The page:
The relationships between personal mobilities, on the one hand, and the unfolding of contemporary society, on the other, may be viewed as two-way ones, or as interrelationships. Technology-based personal mobilities may be considered as stemming from some more general societal processes, as being facilitated by them, or as constituting an integral part of such macro processes. ‘We assume, that mobility is a basic principle of modernity besides others like individuality, rationality, equality, and globality’ (Bonss, 2004). On the other hand, however, enhanced personal mobilities may simultaneously be considered as major societal processes by themselves, leading or bringing about some social change. This may be the case whether one views mobility as movement in space only, or if one prefers to view mobility within a wider concept of social mobility. Thus, ‘spatial mobility is not an interstice, or a neutral liaison time between a point of origin and a destination. It is a structuring dimension of social life and of social integration’ (Kaufmann, 2002, p. 103). And:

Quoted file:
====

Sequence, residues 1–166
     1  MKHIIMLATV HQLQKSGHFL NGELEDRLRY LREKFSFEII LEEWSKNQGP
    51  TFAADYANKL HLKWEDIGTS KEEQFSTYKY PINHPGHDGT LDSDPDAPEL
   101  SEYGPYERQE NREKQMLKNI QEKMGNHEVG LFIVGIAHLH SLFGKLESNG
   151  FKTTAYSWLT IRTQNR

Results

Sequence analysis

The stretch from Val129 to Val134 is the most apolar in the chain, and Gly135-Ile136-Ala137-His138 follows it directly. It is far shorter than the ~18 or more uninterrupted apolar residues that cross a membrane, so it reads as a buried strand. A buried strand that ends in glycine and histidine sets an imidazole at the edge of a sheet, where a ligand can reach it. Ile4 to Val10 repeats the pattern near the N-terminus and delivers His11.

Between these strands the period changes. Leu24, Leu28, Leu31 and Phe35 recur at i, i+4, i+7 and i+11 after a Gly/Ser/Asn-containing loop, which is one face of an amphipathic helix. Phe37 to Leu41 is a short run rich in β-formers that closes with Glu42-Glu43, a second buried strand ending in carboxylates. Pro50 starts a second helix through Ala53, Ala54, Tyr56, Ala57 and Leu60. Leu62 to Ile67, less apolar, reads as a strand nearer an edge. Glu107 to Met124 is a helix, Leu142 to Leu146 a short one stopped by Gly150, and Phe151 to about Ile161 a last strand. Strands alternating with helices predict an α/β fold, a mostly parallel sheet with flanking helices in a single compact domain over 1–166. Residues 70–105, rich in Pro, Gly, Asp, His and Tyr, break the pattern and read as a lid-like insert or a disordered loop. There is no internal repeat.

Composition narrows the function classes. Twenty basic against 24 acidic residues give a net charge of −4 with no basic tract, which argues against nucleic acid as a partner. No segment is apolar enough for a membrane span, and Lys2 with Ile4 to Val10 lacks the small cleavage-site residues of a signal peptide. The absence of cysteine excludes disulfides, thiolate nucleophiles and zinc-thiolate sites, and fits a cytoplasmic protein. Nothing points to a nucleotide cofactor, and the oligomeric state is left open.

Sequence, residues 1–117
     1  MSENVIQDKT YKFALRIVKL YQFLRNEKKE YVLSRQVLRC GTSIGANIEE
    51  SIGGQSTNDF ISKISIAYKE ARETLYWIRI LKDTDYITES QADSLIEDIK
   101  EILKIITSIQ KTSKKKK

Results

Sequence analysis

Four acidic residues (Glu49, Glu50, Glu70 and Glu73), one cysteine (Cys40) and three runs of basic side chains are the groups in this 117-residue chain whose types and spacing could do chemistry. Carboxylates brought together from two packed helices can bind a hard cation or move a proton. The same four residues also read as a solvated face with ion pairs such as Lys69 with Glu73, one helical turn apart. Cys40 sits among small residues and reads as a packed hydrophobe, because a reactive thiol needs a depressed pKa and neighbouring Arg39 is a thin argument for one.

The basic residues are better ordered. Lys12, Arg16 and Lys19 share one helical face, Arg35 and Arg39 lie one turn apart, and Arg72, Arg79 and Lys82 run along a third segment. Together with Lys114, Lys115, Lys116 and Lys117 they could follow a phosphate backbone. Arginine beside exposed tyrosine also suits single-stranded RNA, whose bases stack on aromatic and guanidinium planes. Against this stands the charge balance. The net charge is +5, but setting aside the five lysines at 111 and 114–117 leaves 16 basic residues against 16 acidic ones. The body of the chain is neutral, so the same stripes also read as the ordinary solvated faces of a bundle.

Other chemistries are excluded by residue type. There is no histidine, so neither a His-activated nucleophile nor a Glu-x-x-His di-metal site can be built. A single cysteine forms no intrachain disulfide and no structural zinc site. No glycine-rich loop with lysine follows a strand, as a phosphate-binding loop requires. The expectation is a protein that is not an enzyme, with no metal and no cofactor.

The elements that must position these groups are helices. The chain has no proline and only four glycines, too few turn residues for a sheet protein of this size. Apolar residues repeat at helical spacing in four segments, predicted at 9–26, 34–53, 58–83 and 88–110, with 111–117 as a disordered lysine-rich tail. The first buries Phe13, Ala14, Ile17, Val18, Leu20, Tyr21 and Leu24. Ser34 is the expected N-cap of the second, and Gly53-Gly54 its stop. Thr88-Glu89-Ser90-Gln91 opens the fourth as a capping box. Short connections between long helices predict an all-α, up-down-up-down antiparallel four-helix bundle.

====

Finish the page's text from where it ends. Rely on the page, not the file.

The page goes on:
incorporating the mundane practices of personal mobility (albeit often technologically assisted) transforms appropriate metaphors and sociological concepts. Social processes have to be rethought as involving multiple mobilities with novel spaces and temporalities. Second, notions of such mobile persons can be transferred, metaphorically and literally, to the mobility of other entities, of ideas, images, technologies, monies, wastes and so on. In each case it is hybrids that are mobile, ﬂowing along various scapes. Such networks comprise ‘physical’ and ‘human’ entities whose power derives from their complex mobile combination.